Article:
As a B2B platform provider, Singapore’s Commerce Exchange (Comex) had the task of finding an e-payment solution that will work for its e-marketplaces. But as Comex found out, there is no one solution that will fit all B2B environments, as Danny Lo, Comex’s chief operating officer explain why.
In real world commerce, payment is transacted through a number of payment instruments, including letters of credit, open account, checks, direct debit, and electronic transfer. According to Comex, any or all of these mechanisms must be supported in order to fulfill the needs of a B2B portal
“The first thing that needs to happen in a marketplace is that someone wants to buy something. Then they go through all the front-end negotiation of prices, import and export, pick-up and delivery and insurance. Once this has happened, you’d need to support it,” said Danny Lo, Comex’s chief operating officer. “You’d need to support it in terms of material flow, which is where e-logistic comes in. The other part of the supporting piece is that once a supplier sells something, money needs to exchange hands, that is where the e-payment piece comes in.”
Even within the same industry, according to Lo, an enterprise can be classified into buyer, supplier, manufacturer and raw-materials provider. Different sets of payment instruments will be appropriate for different enterprises according to the role they occupy on the value chain.
Making matters worse are the legislation and regulations surrounding payment mechanism in individual countries around the region. The finance sector is the most heavily regulated industry in any country, with different sets of rules applied in different countries, governing the transaction of each payment mechanism. Comex’s role, according to Lo, is to find the set of instruments that best match its customers given the nature of their business and the region that they operate in.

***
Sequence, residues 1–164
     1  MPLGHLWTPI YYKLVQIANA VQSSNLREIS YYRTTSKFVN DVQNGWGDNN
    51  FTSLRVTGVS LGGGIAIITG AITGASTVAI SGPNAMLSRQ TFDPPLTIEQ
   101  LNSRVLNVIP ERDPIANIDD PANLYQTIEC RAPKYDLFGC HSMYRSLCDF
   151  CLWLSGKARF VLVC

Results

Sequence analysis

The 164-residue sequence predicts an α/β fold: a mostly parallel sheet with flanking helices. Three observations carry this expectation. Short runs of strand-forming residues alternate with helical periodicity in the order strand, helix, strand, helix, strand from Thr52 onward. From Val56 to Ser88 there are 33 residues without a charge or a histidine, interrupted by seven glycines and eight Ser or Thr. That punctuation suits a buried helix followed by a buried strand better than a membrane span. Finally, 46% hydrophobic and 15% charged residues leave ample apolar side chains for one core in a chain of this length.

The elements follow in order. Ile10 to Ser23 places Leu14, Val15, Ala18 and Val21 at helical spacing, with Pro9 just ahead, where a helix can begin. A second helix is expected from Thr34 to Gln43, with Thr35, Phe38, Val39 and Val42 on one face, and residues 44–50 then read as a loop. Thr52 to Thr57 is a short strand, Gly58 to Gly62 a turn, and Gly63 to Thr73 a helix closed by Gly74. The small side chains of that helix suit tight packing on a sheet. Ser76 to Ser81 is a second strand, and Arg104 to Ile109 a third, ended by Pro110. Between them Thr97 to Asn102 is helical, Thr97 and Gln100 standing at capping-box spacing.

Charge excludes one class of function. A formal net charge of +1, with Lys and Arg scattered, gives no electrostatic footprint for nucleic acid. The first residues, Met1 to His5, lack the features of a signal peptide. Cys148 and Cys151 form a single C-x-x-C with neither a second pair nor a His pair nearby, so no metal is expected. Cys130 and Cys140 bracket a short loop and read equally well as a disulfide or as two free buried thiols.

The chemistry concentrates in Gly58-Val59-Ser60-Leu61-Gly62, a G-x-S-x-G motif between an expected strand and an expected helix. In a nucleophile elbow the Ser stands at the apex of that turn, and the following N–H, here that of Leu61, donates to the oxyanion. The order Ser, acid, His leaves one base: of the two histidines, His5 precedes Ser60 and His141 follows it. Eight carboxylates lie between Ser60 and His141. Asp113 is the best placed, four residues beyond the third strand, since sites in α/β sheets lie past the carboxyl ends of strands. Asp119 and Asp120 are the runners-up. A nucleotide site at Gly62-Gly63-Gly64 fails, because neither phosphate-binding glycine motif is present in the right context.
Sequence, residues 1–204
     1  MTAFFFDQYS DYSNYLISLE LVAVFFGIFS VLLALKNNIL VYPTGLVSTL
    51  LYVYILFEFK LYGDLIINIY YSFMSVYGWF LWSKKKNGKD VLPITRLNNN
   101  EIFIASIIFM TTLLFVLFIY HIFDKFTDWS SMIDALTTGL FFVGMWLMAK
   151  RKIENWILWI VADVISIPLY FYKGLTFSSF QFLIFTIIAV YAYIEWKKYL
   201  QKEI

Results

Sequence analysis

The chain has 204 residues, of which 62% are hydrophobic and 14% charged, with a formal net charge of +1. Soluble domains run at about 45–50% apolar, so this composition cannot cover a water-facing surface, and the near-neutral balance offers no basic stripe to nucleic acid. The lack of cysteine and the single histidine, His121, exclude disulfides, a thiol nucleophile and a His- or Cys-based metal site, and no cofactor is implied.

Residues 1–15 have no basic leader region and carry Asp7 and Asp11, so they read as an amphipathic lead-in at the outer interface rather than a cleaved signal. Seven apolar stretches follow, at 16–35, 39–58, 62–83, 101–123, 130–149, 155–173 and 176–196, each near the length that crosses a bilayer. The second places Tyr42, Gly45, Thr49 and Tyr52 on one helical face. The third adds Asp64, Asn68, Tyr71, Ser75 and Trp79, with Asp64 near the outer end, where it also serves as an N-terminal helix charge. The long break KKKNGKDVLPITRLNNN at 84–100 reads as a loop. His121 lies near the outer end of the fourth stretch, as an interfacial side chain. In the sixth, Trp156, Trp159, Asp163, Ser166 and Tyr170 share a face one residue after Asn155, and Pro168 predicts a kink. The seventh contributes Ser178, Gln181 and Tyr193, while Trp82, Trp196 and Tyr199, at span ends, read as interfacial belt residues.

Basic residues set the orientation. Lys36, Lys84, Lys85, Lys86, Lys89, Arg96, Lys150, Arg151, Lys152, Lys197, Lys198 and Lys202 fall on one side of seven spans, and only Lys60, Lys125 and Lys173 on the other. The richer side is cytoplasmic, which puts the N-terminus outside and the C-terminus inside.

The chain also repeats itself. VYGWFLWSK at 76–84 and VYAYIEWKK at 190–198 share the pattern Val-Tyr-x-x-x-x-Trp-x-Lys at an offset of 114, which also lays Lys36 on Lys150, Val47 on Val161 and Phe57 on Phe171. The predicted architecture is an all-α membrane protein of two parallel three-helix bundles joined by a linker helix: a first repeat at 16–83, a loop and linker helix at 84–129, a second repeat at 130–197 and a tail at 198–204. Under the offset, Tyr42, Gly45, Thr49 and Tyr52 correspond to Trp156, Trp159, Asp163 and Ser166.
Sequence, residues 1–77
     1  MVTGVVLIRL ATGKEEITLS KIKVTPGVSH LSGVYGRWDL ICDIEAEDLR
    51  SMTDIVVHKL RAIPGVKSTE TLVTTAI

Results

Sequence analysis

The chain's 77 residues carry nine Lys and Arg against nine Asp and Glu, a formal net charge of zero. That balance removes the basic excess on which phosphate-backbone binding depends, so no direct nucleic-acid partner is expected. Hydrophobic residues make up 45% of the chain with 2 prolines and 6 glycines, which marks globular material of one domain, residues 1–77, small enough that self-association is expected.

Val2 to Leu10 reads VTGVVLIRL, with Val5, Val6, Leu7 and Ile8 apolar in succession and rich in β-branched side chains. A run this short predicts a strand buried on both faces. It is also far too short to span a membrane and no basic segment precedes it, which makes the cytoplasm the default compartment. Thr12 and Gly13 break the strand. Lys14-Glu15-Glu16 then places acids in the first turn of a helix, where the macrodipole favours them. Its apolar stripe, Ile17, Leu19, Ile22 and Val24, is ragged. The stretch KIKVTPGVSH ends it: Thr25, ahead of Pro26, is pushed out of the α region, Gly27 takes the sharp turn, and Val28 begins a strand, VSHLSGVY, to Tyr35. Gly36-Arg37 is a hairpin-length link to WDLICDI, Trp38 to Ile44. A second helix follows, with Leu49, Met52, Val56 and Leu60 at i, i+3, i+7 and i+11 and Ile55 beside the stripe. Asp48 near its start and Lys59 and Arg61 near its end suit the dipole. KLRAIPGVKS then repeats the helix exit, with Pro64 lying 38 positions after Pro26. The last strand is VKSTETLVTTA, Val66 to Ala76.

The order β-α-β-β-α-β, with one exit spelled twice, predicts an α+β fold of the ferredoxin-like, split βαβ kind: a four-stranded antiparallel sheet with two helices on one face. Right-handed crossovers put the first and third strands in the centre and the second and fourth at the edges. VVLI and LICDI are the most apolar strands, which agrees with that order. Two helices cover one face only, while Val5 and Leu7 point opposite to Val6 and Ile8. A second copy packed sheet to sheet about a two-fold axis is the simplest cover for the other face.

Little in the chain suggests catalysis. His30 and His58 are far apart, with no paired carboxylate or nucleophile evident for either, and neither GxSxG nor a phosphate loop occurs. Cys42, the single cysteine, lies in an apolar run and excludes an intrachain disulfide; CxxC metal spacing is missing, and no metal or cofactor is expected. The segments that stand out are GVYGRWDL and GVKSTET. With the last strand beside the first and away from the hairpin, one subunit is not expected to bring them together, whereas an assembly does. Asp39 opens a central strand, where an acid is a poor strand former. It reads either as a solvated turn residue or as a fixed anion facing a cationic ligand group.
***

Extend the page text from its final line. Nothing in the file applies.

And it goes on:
“The challenge is that there is no one system that fits all. Every bank does it slightly differently, in principle they are almost identical, but because the international standard for some of the payment instruments is not worldwide, a payment instrument that has a certain reach and scope within a certain country may not apply in other countries,” explained Lo.
“At present, in e-payment, those are some of the challenges, to understand what kind of payment instrument makes sense and are well protected, and under what kind of situations should you deploy them,” Lo added.
More onThe State of ePayment.
Last year, Comex deployed a purchasing platform for the health industry to overcome two major problems that the pharmaceutical industry traditionally faces in fulfilling orders from private clinics. The order forms from these clinics were customarily filled by the doctor’s own hand.
According to Lo, this resulted in a lot of errors as the sales department of pharmaceutical companies were required to decipher the doctor’s hand-writing. The collection process was also cumbersome, requiring clinic doctors to keep track of invoices and remit payments on time.
Comex’s platform was designed to cut down these inefficiencies and errors. Linking up the clinics to form a clinic system and connecting it to a distributor network, Comex created a platform from which doctors place their orders with a purchasing card issued by Comex.
As soon as an order is placed, an authorization message is sent to the bank, who will issue payment to the distributor. The bank will then consolidate the orders and present a monthly bill to the clinic. According to Lo, the previous problems of faulty orders and late payment were completely eliminated by the new system.
Aside from the purchasing card that has been introduced into the medipro.com project, Comex is also working on mobile collection mechanisms, distributor cards, buyer’s cards and other forms of commercial card solution.
“E-payment is not easy to do, you just can’t rush into it because you have to choose the right payment instrument and together with it there are also certain legal protection in terms of certain payment instruments,” said Lo. “This is where the right payment instrument has to go with the right situation.”